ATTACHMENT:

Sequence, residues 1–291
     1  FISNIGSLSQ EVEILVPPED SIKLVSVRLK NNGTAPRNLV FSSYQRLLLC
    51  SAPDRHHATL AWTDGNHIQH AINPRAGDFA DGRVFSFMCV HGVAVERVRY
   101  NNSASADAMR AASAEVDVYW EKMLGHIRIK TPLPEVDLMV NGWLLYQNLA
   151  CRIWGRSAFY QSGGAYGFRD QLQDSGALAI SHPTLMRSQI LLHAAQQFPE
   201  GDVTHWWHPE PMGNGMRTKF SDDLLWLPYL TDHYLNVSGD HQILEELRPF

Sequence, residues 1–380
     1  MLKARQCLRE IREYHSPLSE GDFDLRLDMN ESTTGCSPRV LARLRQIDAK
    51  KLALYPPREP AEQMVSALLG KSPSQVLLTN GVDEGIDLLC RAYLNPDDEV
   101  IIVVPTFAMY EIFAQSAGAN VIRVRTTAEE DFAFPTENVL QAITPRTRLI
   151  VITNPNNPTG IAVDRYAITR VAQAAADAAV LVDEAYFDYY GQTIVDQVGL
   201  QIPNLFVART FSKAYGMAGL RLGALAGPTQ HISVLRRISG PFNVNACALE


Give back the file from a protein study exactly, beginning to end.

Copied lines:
Sequence, residues 1–291
     1  FISNIGSLSQ EVEILVPPED SIKLVSVRLK NNGTAPRNLV FSSYQRLLLC
    51  SAPDRHHATL AWTDGNHIQH AINPRAGDFA DGRVFSFMCV HGVAVERVRY
   101  NNSASADAMR AASAEVDVYW EKMLGHIRIK TPLPEVDLMV NGWLLYQNLA
   151  CRIWGRSAFY QSGGAYGFRD QLQDSGALAI SHPTLMRSQI LLHAAQQFPE
   201  GDVTHWWHPE PMGNGMRTKF SDDLLWLPYL TDHYLNVSGD HQILEELRPF

Sequence, residues 1–380
     1  MLKARQCLRE IREYHSPLSE GDFDLRLDMN ESTTGCSPRV LARLRQIDAK
    51  KLALYPPREP AEQMVSALLG KSPSQVLLTN GVDEGIDLLC RAYLNPDDEV
   101  IIVVPTFAMY EIFAQSAGAN VIRVRTTAEE DFAFPTENVL QAITPRTRLI
   151  VITNPNNPTG IAVDRYAITR VAQAAADAAV LVDEAYFDYY GQTIVDQVGL
   201  QIPNLFVART FSKAYGMAGL RLGALAGPTQ HISVLRRISG PFNVNACALE